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dc.contributor.authorStauffer, Paul R
dc.contributor.authorRodrigues, Dario B
dc.contributor.authorGoldstein, Robert
dc.contributor.authorNguyen, Thinh
dc.contributor.authorYu, Yan
dc.contributor.authorWan, Shuying
dc.contributor.authorWoodward, Richard
dc.contributor.authorGibbs, Michael
dc.contributor.authorVasilchenko, Ilya L
dc.contributor.authorOsintsev, Alexey M
dc.contributor.authorBar-Ad, Voichita
dc.contributor.authorLeeper, Dennis B
dc.contributor.authorShi, Wenyin
dc.contributor.authorJudy, Kevin D
dc.contributor.authorHurwitz, Mark D
dc.date.accessioned2020-10-23T14:56:47Z
dc.date.available2020-10-23T14:56:47Z
dc.date.issued2020-10-13
dc.identifier.urihttp://hdl.handle.net/10713/13919
dc.description.abstractAim: Hyperthermia (HT) has been shown to improve clinical response to radiation therapy (RT) for cancer. Synergism is dramatically enhanced if HT and RT are combined simultaneously, but appropriate technology to apply treatments together does not exist. This study investigates the feasibility of delivering HT with RT to a 5-10mm annular rim of at-risk tissue around a tumor resection cavity using a temporary thermobrachytherapy (TBT) balloon implant. Methods: A balloon catheter was designed to deliver radiation from High Dose Rate (HDR) brachytherapy concurrent with HT delivered by filling the balloon with magnetic nanoparticles (MNP) and immersing it in a radiofrequency magnetic field. Temperature distributions in brain around the TBT balloon were simulated with temperature dependent brain blood perfusion using numerical modeling. A magnetic induction system was constructed and used to produce rapid heating (>0.2°C/s) of MNP-filled balloons in brain tissue-equivalent phantoms by absorbing 0.5 W/ml from a 5.7 kA/m field at 133 kHz. Results: Simulated treatment plans demonstrate the ability to heat at-risk tissue around a brain tumor resection cavity between 40-48°C for 2-5cm diameter balloons. Experimental thermal dosimetry verifies the expected rapid and spherically symmetric heating of brain phantom around the MNP-filled balloon at a magnetic field strength that has proven safe in previous clinical studies. Conclusions: These preclinical results demonstrate the feasibility of using a TBT balloon to deliver heat simultaneously with HDR brachytherapy to tumor bed around a brain tumor resection cavity, with significantly improved uniformity of heating over previous multi-catheter interstitial approaches. Considered along with results of previous clinical thermobrachytherapy trials, this new capability is expected to improve both survival and quality of life in patients with glioblastoma multiforme.en_US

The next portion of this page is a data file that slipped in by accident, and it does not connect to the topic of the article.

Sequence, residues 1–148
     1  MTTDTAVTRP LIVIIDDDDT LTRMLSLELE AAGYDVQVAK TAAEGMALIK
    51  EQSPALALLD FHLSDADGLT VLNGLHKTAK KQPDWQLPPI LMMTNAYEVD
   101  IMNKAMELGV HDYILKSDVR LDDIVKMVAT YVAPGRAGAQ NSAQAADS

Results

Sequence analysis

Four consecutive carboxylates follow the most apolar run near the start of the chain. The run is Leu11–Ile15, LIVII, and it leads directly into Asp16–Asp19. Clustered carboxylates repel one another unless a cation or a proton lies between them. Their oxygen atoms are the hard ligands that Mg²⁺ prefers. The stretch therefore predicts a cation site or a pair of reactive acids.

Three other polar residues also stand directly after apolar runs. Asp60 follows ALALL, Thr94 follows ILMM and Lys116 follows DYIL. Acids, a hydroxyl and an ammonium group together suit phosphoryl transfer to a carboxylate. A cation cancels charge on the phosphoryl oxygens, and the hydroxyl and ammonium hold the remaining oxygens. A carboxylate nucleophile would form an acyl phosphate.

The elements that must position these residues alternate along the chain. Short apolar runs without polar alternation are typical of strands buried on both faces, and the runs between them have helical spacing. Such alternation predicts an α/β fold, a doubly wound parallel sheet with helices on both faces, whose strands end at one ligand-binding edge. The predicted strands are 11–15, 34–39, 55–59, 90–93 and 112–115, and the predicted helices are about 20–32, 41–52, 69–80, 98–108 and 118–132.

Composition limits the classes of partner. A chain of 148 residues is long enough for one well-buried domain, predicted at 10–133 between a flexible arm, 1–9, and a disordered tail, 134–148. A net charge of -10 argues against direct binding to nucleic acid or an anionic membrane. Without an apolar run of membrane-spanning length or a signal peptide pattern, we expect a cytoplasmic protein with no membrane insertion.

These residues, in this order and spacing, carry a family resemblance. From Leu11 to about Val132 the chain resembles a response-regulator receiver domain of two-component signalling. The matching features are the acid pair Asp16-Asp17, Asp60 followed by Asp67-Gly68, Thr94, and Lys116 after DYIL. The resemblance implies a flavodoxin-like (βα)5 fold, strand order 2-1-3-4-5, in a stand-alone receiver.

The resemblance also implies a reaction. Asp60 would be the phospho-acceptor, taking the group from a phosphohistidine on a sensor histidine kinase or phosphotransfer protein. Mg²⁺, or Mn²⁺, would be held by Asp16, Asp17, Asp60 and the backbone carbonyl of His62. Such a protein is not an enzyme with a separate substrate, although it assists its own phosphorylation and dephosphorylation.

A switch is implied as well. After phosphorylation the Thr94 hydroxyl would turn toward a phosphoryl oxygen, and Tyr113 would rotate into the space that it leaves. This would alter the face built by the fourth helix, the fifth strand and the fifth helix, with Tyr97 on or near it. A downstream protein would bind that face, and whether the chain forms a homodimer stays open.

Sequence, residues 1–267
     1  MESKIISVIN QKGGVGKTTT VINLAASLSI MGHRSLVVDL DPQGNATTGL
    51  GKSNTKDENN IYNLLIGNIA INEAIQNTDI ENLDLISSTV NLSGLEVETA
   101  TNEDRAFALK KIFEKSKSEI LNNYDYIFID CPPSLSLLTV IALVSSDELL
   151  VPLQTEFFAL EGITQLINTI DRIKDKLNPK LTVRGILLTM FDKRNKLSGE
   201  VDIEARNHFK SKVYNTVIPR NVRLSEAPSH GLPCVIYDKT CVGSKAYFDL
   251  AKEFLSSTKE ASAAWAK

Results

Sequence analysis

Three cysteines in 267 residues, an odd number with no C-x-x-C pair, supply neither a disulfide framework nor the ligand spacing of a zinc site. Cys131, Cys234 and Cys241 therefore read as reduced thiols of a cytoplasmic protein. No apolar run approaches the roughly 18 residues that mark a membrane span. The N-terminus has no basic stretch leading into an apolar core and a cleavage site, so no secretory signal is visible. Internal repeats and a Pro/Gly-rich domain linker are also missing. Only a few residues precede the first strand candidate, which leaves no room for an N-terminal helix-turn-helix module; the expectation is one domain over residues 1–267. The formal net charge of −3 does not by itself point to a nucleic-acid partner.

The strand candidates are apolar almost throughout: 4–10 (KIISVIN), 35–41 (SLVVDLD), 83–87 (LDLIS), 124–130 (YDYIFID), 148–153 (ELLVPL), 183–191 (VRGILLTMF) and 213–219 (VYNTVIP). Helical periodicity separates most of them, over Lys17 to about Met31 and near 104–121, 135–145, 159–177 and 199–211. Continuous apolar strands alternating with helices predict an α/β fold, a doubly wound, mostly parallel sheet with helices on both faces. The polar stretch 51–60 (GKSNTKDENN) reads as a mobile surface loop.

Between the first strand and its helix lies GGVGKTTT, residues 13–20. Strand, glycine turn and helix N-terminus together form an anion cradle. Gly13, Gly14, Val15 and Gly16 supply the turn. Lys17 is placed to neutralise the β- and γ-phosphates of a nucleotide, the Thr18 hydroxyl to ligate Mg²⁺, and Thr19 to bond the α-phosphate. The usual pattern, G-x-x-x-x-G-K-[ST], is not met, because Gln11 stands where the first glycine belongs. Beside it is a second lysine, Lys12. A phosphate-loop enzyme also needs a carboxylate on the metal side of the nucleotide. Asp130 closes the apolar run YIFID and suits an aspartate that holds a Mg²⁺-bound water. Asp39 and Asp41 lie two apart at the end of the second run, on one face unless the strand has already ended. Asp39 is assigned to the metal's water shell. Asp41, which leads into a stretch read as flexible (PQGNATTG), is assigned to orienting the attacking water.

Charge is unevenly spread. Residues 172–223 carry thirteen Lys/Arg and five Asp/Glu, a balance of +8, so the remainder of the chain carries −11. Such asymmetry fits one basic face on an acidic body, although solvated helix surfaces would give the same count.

dc.description.sponsorshipNIH R41 CA-239815en_US
dc.description.urihttps://doi.org/10.1080/02656736.2020.1829103en_US
dc.language.isoenen_US
dc.publisherTaylor and Francis Inc.en_US
dc.relation.ispartofInternational journal of hyperthermia : the official journal of European Society for Hyperthermic Oncologyen_US
dc.subjectHyperthermiaen_US
dc.subjectMagnetic nanoparticlesen_US
dc.subjectcanceren_US
dc.subjectnanoparticlesen_US
dc.subjectthermobrachytherapyen_US
dc.subjecttumorbed therapyen_US
dc.titleFeasibility of removable balloon implant for simultaneous magnetic nanoparticle heating and HDR brachytherapy of brain tumor resection cavities.en_US
dc.typeArticleen_US
dc.identifier.doi10.1080/02656736.2020.1829103
dc.identifier.pmid33047639
dc.source.volume37
dc.source.issue1
dc.source.beginpage1189
dc.source.endpage1201
dc.source.countryEngland


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